Halloween shows are weird – for a number of reasons – not only for the distinctly escapist nature of the “holiday” itself, but for the undue onus placed upon the artists performing. Show-going Halloweeners seem to have a proclivity to approach shows with a strange sense of social hesitancy at the onset – almost as if they’ve forgotten they’re wearing masks, wigs, and facades that sufficiently obfuscate their identity from the person next to them. Its as if they’re simply waiting for someone to go ahead and give them the proverbial “green light” to cut loose and ultimately experience the evening of escapism they spent hours pouring high fructose corn syrup dyed red and powdering their faces with ghoulish grays for.
Lucky enough for the festively dressed folks present at Marathon Music Works on Halloween (or “All Hallows Eve” or “All Souls Day” or “Hallow E’en”), James Hinton aka “The Range,” was more than happy to serve as the master of hesitance shattering ceremonies as the opener for Phantogram’s Nashville tour stop. Understanding the initial reticence of the Halloweening crowd, Hinton came out adorned in a skeleton costume about as active and energized as anyone could hope for while costumed show-goers continued to filter in. Following some extremely brief pleasantries, Hinton dove right into his set, running through tracks off of a variety of projects, but the songs most well received were undoubtedly off his most recent effort, Potential.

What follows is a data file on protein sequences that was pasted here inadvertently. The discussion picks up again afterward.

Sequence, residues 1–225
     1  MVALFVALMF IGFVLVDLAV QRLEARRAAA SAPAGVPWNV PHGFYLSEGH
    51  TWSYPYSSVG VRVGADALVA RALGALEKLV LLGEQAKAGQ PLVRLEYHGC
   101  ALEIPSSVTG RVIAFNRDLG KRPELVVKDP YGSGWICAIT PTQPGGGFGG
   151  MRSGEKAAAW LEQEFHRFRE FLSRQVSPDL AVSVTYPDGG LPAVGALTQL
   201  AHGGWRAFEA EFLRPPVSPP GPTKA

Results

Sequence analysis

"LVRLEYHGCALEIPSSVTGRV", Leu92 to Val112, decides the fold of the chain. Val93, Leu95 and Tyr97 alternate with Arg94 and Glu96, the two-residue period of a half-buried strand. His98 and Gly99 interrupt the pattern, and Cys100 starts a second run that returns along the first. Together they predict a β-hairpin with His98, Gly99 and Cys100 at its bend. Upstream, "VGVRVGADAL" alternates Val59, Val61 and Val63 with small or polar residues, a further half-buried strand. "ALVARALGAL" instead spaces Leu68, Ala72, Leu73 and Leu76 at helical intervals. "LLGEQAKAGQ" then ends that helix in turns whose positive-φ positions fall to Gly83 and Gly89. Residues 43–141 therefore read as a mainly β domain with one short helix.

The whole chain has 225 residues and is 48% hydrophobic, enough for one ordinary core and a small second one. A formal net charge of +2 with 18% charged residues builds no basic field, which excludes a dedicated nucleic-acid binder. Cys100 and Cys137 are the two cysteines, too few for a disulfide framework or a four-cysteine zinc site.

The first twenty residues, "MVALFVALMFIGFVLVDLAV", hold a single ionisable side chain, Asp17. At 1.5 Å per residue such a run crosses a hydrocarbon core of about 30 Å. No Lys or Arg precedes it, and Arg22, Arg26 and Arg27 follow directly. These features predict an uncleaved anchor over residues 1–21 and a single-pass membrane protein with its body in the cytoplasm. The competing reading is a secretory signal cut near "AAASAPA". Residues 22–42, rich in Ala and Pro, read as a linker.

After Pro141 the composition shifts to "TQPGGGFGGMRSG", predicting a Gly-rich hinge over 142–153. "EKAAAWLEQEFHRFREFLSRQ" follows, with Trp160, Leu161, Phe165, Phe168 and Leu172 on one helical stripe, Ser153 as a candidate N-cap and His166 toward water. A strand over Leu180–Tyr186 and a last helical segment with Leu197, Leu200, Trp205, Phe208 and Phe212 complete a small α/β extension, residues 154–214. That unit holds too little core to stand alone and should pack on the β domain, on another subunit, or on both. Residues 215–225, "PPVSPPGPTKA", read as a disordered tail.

Hinton took a moment in the set to lay out exactly what Potential’s initiative was – “clips from a bunch of YouTube videos with under one hundred views” – and almost instantly, everyone seemed to buy in – vampires, butterflies, Elevens, and Jokers alike – with an ovation that was long overdue for what was already a fantastic set. Sometimes its astounding just how little an artist has to do to entice an audience to become more interactive, or at the least, more enthusiastic.
Nevertheless, there were those in the crowd who had been into the set from its onset, namely the green Morphsuit man in a monk’s cowl (who had been cavorting about the entirety of the set), now being joined by the ever expanding Marathon crowd in their Halloween revelry scored by tracks like “Florida” off of Potential and “Metal Swing” off of Nonfiction. Hinton served as a premier hype man to warm up the once withdrawn Halloween crowd, whipping them up into a sufficiently enlivened group. Credit to Hinton for being on it from the inception of his 2groovy4me (sorry for the meme) Halloween set, and helping usher in the Halloween spirit (if there is such a thing) to the Marathon crowd. As mentioned before, Halloween shows are weird things to experience, but for Hinton, its nothing more than a small hurdle that leads into yet another fantastic live set.